Last week saw the start of the new sashiko course in Stockton-on-Tees. I managed to have a rather nasty cold by Tuesday and I didn't feel on top form, but everyone seemed to enjoy their first session. We were so busy stitching, I forgot to take any photos! So the picture above is from one of the Edinburgh sashiko courses - I think it might be from the first one. The Stockton course is over 10 slightly shorter sessions rather than the usual 8, so I've allowed a little extra time to explore the first hitomezashi (one stitch) sashiko patterns. Our first class focused on yokogushi (horizontal rows) and woven patterns like kikkozashi (tortoiseshell hexagon stitch - centre top in the photo). Next time, we will be exploring variations on komezashi (rice stitch) and linked juujizashi ('10' or cross stitch), so everyone is stitching samples with crosses as their homework, like the ones in the centre of the second and third rows.
If you are interested in my sashiko courses in Scotland, there are still a few places for the Edinburgh course (held at Edinburgh Patchwork) which starts on Saturday 7th October and the Perth course (at The Peacock and the Tortoise), starting on Thursday 28th September. Bookings for Edinburgh are via me and for Perth you need to contact the shop. Both these courses run over 8 sessions.
On Thursday, I met the enthusiastic quilters on the Celtic Quilt Tours trip to Scotland at the Black Watch Museum in Perth. Although the tour company is from the USA, there were quilters from Canada, Australia and The Netherlands in the group. I know many of them from Facebook, so it was so nice to meet up!
The theme for our class was 'Sashiko on Tartan'. Reiko Domon of Yuza Sashiko Guild made a fantastic sashiko on tartan quilt after their 2014 trip, which is densely stitched with Yuza Sashiko hitomezashi (one stitch sashiko) stitches. This photo shows is under construction -
She showed it at the Scottish Quilt Championships last year and also at Quilts UK in Malvern.
Reiko's quilt is all stitched without marking, using the lines in the tartan to line up the stitches. Not really something for beginners!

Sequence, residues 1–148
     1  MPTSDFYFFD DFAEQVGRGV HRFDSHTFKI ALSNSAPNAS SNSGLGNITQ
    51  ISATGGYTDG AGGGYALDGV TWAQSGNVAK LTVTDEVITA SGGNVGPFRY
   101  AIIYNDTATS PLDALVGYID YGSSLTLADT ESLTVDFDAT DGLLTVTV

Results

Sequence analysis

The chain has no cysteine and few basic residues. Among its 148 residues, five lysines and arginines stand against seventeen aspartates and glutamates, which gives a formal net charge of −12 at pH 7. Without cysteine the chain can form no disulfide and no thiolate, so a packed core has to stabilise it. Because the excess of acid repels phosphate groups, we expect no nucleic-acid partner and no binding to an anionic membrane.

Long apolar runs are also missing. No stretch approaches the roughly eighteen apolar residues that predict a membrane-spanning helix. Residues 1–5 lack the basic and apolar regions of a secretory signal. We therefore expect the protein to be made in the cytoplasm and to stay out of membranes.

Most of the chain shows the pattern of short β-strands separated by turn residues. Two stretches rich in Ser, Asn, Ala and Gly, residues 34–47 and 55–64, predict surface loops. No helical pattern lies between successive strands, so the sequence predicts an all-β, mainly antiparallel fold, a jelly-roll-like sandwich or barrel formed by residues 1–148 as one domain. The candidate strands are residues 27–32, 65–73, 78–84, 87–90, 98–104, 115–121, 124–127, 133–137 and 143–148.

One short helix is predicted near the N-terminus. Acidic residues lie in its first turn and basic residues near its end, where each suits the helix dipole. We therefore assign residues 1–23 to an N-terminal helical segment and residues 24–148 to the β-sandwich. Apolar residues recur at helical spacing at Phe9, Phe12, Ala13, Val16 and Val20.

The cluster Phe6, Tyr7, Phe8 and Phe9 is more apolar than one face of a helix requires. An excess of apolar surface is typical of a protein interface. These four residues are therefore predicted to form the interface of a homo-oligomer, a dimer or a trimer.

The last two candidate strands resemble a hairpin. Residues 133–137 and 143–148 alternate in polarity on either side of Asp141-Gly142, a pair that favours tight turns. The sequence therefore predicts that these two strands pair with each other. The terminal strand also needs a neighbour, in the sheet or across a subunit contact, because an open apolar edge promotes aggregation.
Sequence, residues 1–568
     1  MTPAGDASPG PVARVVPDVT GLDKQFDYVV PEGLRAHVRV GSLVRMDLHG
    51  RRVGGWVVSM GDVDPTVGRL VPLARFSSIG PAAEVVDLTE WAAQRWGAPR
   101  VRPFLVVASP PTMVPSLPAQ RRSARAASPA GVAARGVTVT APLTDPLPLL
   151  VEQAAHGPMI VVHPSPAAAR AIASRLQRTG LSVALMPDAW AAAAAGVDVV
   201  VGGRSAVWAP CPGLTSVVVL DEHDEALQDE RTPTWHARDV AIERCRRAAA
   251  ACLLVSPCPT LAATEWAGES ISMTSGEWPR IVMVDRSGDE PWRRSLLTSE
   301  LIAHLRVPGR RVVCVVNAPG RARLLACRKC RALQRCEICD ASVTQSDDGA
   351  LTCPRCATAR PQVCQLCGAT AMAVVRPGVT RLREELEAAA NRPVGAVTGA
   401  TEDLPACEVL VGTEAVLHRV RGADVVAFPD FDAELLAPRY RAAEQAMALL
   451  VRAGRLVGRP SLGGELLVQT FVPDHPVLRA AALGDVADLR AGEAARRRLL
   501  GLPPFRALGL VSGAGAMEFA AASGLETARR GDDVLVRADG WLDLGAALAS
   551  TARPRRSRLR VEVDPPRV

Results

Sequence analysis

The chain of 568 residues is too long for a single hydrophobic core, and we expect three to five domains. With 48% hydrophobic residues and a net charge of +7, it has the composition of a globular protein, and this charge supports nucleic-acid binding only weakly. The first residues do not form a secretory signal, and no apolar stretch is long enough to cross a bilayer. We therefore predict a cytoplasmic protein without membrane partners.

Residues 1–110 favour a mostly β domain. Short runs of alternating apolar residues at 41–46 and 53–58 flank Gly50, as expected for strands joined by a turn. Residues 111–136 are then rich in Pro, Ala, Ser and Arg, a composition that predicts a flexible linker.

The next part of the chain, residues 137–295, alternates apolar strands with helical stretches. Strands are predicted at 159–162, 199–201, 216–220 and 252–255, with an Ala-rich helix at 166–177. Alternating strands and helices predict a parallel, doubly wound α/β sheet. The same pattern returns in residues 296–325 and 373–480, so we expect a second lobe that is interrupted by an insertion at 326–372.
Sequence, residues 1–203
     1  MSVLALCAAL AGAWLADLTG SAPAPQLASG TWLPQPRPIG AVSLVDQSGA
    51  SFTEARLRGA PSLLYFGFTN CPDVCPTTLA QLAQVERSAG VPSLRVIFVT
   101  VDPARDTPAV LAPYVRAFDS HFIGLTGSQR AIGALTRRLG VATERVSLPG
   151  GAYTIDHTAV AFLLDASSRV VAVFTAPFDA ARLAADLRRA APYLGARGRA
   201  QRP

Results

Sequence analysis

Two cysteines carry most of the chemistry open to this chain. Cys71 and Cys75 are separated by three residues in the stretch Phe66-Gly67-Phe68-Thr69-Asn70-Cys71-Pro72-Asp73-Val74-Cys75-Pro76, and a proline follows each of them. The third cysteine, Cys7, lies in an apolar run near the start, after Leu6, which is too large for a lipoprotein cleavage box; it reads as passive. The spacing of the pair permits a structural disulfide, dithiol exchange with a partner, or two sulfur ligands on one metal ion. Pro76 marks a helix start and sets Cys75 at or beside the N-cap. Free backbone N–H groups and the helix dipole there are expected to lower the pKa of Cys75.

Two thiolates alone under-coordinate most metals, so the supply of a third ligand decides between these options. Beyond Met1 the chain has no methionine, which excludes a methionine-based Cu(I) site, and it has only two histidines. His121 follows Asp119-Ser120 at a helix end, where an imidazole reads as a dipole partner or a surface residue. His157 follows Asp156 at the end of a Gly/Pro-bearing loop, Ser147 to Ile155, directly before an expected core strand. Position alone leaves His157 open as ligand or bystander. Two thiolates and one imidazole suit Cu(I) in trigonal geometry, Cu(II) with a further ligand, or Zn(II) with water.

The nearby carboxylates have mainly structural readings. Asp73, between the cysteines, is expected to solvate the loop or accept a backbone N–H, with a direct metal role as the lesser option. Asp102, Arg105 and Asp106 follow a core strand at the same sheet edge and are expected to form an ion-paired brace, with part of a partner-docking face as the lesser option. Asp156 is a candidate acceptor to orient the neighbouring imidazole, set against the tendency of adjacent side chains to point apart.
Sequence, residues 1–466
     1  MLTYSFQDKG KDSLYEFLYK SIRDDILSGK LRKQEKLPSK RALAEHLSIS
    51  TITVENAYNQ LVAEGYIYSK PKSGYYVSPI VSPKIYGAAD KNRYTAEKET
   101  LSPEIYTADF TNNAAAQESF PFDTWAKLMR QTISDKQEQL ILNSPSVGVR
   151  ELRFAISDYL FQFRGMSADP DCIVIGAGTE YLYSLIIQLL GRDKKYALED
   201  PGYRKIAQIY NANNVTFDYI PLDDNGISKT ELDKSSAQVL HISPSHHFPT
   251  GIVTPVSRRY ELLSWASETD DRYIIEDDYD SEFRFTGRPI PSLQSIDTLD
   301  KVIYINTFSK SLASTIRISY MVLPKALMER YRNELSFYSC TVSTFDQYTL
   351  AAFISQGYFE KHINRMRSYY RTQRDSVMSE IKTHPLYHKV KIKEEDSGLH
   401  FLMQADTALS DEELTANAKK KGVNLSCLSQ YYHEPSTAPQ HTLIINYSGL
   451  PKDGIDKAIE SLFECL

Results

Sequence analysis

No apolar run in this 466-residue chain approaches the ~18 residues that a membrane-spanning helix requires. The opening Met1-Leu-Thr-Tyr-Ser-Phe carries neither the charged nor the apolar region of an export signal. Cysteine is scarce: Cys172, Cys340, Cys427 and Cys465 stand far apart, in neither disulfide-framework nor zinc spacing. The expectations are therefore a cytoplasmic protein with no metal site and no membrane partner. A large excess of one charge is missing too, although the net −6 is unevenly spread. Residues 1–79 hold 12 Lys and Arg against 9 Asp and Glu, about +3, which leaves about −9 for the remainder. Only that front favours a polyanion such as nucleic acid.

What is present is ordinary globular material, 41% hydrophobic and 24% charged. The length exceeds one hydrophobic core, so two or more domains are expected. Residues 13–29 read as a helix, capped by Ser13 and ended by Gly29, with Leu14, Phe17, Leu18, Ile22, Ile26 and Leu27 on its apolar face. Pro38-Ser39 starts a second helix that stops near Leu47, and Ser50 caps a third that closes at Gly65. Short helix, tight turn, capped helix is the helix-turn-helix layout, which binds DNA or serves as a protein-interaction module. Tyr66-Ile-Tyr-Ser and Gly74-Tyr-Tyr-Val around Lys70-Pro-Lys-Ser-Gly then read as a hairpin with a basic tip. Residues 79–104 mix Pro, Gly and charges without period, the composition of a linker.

I took more tartan with me when we visited Yuza in January. Keiko Ishikawa is stitching a lovely furoshiki, once again making use of the plaid.
I must ask Keiko what she used as a marking pen or pencil, because when I began marking the wool tartan the previous day, I discovered my favourite marker, the Clover White Marking Pen, wouldn't do anything on the wool! I think tartan is a little too rough. After switching to using my Sewline propelling pencil and running out of the chalk leads, I eventually marked all the panels using old fashioned tailors chalk. This is what we used to mark up our fabrics when we did the kilt making course at the Black Watch Museum three years ago and it works very well on tartan. It seems a bit less inclined to smudge than it does on cotton. Sometimes the traditional things are the best! I made a paper template and everyone had a worksheet with the design to take home and use again.
I had four different plaids for the quilters - Silver Thistle (dark grey/black/purple) and Fort William (greens) were furnishing tartans, so we a little thicker but I loved the colours. I hadn't realised that the 'set' (the plaid repeat) would be a little bigger than on a dress tartan though, so I couldn't cut as many pieces from these and still have the plaid symmetrical. The other (dress) tartans included one with a modern asymmetric set and two special tartans woven for the USA. They were all tartans our visitors wouldn't be able to buy at home and I got them from MacNaughton's in Perth. I hope the tour might be able to visit MacNaughton's mill shop another time - they will open for coach tours as well as the regular monthly sale days.
For our class on Thursday, I wanted a very Scottish motif, so I took the thistle and drew it in the style of a Japanese kamon crest motif, with a slight reference to the Hawick thistle quilts from the Scottish borders.
Thirty five quilters managed to squeeze into the Education Room at the Black Watch. I expect I'll see some of these finished pieces at the Scottish Quilt Championships at Edinburgh next weekend, when I'll meet up with the group again. I'll get some photos of the finished pieces then. We had a lot of fun in the workshop and the rest of the day in Perth.
A few years ago, I played around designing a tartan online in the Molyneux crest colours, but I've never had it woven - you can have a go at designing your own here - https://www.scotweb.co.uk/tartandesign/
After a delicious lunch at the Black Watch Museum cafe, we headed into Perth city centre to visit The Peacock and the Tortoise, our lovely local quilt shop. Trudy and Mhairi are always have some excellent Celtic and Scottish themed fabrics and trims in the shop (although I ended up with some Moda wool scrap bags and a length of Petra Prins Dutch chintz!) Luckily we went in two groups, while the other half of the tour group went on a guided tour around the museum, or I don't think we would all have fitted into the shop.
Waiting for the tour bus, clutching their (and my) purchases, and not minding the typical local weather too much...